Receiving notice that your property may be taken by condemnation can be an emotional and devastating event. Many Texas landowners have operated family farms, ranches, businesses, or personal homes on the same land for many years. One of their first questions is, “What can I do about eminent domain?”
We understand that facing these types of losses and interrupted dreams carries a heavy weight and burden of anxiety. This initial time can be pivotal for the landowner. Statements or other information given to the Condemnor’s representatives, decisions made, and actions taken can make or break how successful the landowner will be at obtaining the just and adequate compensation the Constitution guarantees.
Before you take any action, consider a few points during this critical time to gain a better perspective and better understand your situation:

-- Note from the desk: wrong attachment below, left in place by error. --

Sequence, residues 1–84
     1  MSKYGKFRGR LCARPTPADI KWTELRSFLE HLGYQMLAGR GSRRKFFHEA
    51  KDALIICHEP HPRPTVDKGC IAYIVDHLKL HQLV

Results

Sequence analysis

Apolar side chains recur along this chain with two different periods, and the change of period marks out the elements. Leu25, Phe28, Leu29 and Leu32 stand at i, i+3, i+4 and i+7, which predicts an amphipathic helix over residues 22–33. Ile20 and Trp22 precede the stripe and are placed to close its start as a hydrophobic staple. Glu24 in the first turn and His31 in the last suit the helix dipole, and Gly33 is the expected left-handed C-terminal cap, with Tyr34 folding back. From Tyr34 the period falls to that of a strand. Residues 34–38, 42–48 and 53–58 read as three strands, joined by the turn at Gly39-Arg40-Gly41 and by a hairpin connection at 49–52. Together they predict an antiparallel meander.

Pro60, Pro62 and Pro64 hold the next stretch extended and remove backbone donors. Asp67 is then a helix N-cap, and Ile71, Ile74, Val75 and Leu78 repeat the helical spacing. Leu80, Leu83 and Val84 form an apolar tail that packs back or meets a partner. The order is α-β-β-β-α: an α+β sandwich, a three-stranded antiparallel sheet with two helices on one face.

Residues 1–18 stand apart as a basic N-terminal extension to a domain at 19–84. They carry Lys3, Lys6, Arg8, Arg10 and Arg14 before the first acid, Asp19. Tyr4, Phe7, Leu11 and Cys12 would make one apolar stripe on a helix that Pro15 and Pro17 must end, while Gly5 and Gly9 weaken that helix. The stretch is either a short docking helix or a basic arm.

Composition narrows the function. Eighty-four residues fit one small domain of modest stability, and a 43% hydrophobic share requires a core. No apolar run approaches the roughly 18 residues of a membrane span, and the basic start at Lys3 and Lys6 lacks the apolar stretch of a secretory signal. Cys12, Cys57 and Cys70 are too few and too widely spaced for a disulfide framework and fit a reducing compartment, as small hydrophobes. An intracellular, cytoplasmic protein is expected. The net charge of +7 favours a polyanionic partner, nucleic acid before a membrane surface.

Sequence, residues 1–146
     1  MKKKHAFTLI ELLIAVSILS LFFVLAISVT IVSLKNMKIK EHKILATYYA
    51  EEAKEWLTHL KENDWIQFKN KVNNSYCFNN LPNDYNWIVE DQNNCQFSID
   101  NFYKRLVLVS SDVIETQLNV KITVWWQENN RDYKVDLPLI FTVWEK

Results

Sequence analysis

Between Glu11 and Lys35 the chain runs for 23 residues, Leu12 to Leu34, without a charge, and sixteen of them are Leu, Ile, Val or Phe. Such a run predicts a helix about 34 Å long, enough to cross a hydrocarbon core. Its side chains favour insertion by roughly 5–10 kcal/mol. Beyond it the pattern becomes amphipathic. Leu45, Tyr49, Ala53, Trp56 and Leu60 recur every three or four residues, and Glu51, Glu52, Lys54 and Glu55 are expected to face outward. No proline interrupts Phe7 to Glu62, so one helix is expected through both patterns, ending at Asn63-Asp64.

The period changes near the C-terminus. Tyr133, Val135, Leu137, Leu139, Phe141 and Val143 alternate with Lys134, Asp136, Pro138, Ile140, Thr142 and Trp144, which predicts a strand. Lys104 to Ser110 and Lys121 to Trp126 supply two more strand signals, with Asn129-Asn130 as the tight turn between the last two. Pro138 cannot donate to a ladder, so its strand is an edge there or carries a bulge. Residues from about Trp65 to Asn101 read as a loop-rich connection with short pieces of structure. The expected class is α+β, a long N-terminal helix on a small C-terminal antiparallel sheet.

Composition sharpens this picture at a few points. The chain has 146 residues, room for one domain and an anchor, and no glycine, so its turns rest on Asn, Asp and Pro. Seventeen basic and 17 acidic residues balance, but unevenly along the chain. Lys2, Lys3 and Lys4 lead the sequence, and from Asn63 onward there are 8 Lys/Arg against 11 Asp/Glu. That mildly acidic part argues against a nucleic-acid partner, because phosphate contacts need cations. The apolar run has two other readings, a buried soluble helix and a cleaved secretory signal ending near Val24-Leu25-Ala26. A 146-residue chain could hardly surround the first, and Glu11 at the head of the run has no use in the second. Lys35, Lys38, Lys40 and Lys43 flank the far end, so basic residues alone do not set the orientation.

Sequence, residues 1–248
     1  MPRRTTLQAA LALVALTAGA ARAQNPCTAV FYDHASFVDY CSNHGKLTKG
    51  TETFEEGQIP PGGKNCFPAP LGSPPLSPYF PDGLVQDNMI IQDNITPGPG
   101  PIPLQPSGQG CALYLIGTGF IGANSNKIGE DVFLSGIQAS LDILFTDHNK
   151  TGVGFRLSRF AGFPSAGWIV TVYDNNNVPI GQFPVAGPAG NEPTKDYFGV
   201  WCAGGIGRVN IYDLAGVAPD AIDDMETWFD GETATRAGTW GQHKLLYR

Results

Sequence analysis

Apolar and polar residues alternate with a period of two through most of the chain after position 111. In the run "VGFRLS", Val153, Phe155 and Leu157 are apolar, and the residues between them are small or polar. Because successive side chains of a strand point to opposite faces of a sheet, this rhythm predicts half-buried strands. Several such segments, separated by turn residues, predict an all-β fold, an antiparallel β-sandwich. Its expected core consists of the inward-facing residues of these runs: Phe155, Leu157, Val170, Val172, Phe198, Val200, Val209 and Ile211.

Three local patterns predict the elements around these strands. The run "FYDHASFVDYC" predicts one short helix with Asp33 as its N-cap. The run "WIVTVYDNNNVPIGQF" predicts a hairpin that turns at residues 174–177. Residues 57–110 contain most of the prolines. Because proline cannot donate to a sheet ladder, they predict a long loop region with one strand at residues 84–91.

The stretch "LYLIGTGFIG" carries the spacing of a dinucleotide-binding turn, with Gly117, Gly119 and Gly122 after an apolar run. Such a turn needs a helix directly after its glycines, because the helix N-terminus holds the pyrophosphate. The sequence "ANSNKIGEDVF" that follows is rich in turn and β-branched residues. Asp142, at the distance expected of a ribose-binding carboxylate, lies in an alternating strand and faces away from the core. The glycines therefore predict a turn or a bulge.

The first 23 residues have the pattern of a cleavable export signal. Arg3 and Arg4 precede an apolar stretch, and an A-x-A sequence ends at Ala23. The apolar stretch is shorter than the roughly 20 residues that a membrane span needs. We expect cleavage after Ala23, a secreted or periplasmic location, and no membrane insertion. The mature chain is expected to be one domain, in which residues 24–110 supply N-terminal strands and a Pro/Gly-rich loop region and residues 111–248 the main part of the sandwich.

The Government Has Experience and Vast Resources
The government is experienced at taking property from private citizens and businesses in Texas. Most condemning authorities have vast resources at their disposal to organize the acquisition of numerous properties from private landowners. While governmental entities have vast experience in condemnation and talking landowners into low-ball offers, most landowners are experiencing the condemnation process for the first time.
The government has very likely spent years planning its project — and factoring in your land as part of its plan. Experienced appraisers, engineers, and attorneys may have all been involved as the government planned the condemnation of your property for years. They have one goal in mind: to put the government in the best position to acquire your property at the lowest price possible.
Do Not Assume You’ll Be Treated Fairly in the Texas Eminent Domain Process
Do not assume the offer you receive is fair or correct. At Dawson & Sodd, we have experience obtaining settlements and verdicts in amounts that significantly exceed what was originally offered.